Nabihah Iqbal (fka Throwing Shade), released her debut album ‘Weighing Of The Heart’ at the end of 2017, putting her voice and birth name stage-front for the first time. In the ceremony depicted in the album’s cover art, Osiris – god of the afterlife – watches the weighing of recently deceased hearts, and judges whether each is heavy with wrongdoing. The ancient Egyptians believed that, along with blood and muscle, the heart was filled with emotions and memories. To weigh the heart was to look at a person’s essence. This is the challenge of both music writing and music criticism, one that Iqbal has taken on with awesome grace, unlike her critics…
The album begins with a tentative, heavy fingered piano line, that is gradually swallowed up by the sounds that will go on to define the record, driving its faster moments and burning beneath the slower ones. Though Iqbal’s previous work has interpolated sounds from across the globe and sonic spectrum (sounds explored in her work as an ethnomusicologist) this album returns to the fuzzy guitars that soundtracked her teenage years.
‘We’re all searching for something more’. With the anthemic confidence of her beloved Oasis, Iqbal’s vocals step out from ambient textures into a communal address on the second track. From there on she delves deeper into her own mind, consolidating textures with appropriately personal revelations, from the general dreams on the expansive clearly sung In Visions, to the tender moments of human intimacy on the twinkling instrumental Alone Together, and the aching Slowly.
‘Slowly you tell me there’s nothing left, but you try your best’. The line doesn’t analyze a situation, or even specify it, but simply states it dumbfounded, and explores this deeply felt loss through repetition, intonation, and – saying what she cannot – an awesome proggy guitar. The next track’s lyrics contain tantalizing glimpses of personal issues (‘eternal passion, eternal pain’, ‘darkness is a bed where you close your eyes to rest your head’), but the vague words slip back into the mix as clear bass and guitar lines take the lead, so the lasting impression is one of a character finding it easier to express herself through music than words.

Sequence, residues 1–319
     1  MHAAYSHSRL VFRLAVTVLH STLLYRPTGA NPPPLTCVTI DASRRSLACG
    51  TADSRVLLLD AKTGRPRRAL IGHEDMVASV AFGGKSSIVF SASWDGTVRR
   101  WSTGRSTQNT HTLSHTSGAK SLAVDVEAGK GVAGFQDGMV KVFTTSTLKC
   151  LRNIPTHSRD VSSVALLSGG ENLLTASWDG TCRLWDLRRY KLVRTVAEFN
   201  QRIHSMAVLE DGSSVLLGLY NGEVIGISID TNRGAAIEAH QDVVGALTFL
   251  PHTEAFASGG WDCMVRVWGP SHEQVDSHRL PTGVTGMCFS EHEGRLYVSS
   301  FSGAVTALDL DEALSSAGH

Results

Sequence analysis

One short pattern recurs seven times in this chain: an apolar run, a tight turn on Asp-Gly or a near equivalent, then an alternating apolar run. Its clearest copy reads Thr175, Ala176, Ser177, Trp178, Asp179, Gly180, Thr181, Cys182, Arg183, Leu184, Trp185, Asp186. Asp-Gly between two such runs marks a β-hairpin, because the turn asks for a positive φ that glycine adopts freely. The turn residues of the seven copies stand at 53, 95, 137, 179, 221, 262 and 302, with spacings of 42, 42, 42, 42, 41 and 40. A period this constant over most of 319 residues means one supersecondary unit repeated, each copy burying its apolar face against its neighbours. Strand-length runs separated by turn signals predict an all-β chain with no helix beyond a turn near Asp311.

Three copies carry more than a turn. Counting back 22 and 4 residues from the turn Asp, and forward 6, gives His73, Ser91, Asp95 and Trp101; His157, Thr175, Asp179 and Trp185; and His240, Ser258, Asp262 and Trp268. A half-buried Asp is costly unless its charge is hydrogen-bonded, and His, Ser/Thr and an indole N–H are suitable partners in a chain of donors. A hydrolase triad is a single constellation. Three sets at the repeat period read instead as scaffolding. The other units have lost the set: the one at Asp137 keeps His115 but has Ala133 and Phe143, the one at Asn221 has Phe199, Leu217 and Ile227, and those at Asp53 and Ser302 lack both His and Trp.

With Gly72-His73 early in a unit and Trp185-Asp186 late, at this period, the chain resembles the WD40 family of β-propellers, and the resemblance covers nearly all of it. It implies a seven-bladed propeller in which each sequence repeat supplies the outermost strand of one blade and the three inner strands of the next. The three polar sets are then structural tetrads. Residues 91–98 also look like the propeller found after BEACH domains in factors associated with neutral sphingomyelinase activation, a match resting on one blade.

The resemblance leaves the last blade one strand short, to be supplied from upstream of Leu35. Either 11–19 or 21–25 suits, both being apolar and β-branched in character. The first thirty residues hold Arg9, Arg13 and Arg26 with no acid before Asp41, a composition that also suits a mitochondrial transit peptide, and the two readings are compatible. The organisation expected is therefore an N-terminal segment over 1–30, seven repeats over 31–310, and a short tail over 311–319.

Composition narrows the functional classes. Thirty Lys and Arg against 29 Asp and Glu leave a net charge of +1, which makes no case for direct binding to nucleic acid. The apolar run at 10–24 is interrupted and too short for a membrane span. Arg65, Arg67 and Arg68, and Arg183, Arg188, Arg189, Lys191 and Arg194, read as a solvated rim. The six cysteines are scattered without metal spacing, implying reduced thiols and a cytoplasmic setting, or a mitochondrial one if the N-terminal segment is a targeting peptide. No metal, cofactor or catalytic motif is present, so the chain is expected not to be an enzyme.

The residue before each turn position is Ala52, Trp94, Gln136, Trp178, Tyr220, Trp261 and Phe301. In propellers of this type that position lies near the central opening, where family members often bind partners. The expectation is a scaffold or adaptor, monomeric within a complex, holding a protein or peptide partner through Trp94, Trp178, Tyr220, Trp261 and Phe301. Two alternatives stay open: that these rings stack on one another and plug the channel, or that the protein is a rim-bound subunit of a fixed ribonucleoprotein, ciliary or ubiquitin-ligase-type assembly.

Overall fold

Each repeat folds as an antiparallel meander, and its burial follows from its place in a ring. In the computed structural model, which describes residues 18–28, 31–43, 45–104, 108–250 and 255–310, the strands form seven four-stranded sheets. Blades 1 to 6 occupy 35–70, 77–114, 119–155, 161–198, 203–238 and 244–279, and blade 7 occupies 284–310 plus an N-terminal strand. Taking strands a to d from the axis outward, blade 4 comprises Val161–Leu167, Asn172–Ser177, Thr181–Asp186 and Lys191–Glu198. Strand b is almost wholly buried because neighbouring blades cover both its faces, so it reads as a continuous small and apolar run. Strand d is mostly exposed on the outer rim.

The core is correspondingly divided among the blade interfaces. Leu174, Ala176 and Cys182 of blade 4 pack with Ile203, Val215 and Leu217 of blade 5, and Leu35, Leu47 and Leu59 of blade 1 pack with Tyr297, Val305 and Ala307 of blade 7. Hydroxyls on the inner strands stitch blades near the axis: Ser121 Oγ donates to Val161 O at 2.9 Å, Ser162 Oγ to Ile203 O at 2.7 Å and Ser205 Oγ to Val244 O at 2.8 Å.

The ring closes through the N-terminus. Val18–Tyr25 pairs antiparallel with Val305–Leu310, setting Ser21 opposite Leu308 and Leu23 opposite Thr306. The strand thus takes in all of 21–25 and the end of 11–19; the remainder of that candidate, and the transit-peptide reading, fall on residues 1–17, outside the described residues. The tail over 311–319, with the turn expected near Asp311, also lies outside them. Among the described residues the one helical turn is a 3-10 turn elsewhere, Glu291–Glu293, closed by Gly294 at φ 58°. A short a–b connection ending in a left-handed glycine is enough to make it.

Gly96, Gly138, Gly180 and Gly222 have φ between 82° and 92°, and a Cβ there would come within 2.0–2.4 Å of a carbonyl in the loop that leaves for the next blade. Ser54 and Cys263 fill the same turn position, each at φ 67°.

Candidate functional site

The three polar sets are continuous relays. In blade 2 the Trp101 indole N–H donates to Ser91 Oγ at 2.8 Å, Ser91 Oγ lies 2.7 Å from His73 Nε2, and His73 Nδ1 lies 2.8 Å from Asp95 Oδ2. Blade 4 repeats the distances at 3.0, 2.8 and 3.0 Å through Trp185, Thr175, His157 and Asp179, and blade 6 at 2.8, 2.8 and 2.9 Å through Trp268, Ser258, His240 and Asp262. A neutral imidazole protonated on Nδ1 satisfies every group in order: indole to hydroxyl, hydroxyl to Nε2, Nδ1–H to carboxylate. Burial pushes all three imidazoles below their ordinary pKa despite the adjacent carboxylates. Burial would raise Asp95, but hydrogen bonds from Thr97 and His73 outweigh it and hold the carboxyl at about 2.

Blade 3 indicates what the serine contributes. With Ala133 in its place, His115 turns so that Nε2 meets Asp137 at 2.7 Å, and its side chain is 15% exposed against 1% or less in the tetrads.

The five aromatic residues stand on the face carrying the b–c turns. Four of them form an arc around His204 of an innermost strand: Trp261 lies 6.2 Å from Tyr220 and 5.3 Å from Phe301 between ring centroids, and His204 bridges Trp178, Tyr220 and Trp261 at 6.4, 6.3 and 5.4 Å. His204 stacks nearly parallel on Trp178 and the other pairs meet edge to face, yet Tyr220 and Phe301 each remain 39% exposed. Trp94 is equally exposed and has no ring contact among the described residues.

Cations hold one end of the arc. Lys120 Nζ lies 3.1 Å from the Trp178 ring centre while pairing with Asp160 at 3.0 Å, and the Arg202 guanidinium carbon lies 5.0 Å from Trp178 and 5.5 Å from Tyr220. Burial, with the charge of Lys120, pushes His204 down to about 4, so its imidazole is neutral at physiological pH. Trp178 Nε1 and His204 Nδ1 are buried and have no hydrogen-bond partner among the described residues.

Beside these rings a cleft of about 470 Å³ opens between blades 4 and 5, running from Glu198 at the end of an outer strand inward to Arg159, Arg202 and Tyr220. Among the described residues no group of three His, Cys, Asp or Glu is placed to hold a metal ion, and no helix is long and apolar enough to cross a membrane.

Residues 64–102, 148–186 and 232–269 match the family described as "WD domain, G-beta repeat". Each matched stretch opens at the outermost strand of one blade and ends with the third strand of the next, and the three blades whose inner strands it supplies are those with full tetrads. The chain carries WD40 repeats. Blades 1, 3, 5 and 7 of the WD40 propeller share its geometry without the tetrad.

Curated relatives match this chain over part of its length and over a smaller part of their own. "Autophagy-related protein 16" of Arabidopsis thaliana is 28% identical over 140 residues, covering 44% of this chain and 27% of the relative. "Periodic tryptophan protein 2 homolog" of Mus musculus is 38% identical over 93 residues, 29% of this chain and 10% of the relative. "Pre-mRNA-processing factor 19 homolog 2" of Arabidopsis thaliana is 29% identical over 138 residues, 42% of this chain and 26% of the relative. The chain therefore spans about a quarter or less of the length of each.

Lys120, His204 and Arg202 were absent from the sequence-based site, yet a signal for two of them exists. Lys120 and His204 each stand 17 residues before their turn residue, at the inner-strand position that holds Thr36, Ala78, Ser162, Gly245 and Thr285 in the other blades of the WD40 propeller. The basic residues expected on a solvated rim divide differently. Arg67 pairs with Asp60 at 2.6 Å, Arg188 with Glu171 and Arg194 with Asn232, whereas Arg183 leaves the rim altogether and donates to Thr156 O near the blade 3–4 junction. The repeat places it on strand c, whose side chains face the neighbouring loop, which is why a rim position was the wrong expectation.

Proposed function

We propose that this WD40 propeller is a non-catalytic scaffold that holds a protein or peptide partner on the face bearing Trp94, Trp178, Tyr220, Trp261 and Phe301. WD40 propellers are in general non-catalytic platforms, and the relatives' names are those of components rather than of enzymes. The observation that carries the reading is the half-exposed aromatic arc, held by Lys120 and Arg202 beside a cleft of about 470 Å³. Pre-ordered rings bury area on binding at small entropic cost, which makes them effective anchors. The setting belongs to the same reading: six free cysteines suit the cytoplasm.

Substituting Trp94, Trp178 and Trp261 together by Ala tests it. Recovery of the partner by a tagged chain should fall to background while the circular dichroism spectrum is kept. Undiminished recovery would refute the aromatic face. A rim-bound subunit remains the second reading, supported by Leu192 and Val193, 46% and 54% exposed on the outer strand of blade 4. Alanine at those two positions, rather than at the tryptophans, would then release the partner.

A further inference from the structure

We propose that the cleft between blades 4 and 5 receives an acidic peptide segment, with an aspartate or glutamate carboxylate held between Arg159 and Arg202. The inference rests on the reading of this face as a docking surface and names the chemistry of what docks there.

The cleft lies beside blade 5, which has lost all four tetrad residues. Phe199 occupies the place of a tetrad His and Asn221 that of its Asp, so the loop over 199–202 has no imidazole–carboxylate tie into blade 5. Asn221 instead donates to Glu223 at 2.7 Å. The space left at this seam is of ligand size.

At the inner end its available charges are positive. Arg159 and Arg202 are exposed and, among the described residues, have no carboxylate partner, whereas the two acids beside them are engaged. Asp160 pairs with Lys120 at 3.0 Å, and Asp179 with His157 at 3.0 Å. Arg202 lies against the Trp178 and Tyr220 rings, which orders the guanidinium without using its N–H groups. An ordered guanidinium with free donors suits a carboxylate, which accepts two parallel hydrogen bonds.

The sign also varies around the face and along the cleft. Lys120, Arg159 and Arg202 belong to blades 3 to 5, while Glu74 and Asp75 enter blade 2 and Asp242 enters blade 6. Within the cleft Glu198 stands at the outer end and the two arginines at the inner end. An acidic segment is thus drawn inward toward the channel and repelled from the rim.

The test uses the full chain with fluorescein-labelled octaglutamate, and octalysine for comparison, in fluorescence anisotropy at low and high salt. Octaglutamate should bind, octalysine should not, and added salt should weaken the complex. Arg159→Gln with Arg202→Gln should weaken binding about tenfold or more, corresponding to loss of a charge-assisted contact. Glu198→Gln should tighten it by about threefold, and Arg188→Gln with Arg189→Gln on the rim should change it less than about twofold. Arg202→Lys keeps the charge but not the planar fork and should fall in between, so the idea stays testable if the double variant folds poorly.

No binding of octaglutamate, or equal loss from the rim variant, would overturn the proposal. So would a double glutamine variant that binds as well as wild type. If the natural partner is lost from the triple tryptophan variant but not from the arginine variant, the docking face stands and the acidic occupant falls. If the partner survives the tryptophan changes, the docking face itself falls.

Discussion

I focus on Iqbal’s thoughtful uses of guitar music on the album, because I wish that the rest of its reviews had done this, rather than simply evaluating the fact and surface level achievement of this use. One particular review has caused a lot of frustration, not least from Iqbal. Published by xlr8r, it stated ‘what’s interesting about her mixed heritage and education and experience is that the music to my ears sounds very “white”… I don’t sense the Asian-British experience we’re usually given’. The word experience is important here; this record is Iqbal’s first full personal statement. So much could be read into the record, but this review deigned to call its main achievement that of racial novelty, underlined by its description of her adoration of Oasis as ‘beautiful’, ‘unexpected’, and ‘rare’.
When discussing the review on Nihal Arthanayake’s BBC Asian Network show, Iqbal defended her description of the review as racist, arguing that it perpetuates restrictive racial prejudices, by implying that there was some mismatch in Iqbal’s choice of genre. Arthanayake played devil’s advocate, suggesting that a more accurate label was racial categorisation, a less unanimously recognised evil, referring to the struggles of black musicians to redefine ‘urban music’ as ‘black music’.
I don’t feel confident drawing the line between racism and racial categorisation, but I am sure that either way, this review was unacceptably thoughtless; it showed no appreciation for the complexities of Iqbal’s work, or of the relevant issues. It was like the reviewing the first Detroit techno records, and designating their main value as the revelation that black Americans listen to German and Japanese electronic music. Do you really find it so surprising as to prioritise it over the music’s personal expression? Whether it’s possible to identify or recognise racial heritage in music, publicly judging a newly public artist as an example of their race, rather than a person in their own right, encourages new listeners to do the same.
‘The Weighing Of The Heart’ ends as it begins, with sonic elements found nowhere else on the album; this time it’s House. Perhaps the whole album recounts the end of a tough day; languishing in a sad song on the radio, reasserting yourself through your favourite albums, thinking vaguely about the shit that went down today, and finally hitting a nightclub to shake it off. Maybe it’s about the progressive steps of finding and defining your own voice, something familiar to anyone who is challenged by restrictive stereotypes. Either way, the general, titular theme of searching inner essence – one that’s deftly reflected by the album’s shifting sounds – is not a definitively white experience by any stretch of the mind. But then and again, neither is rock music.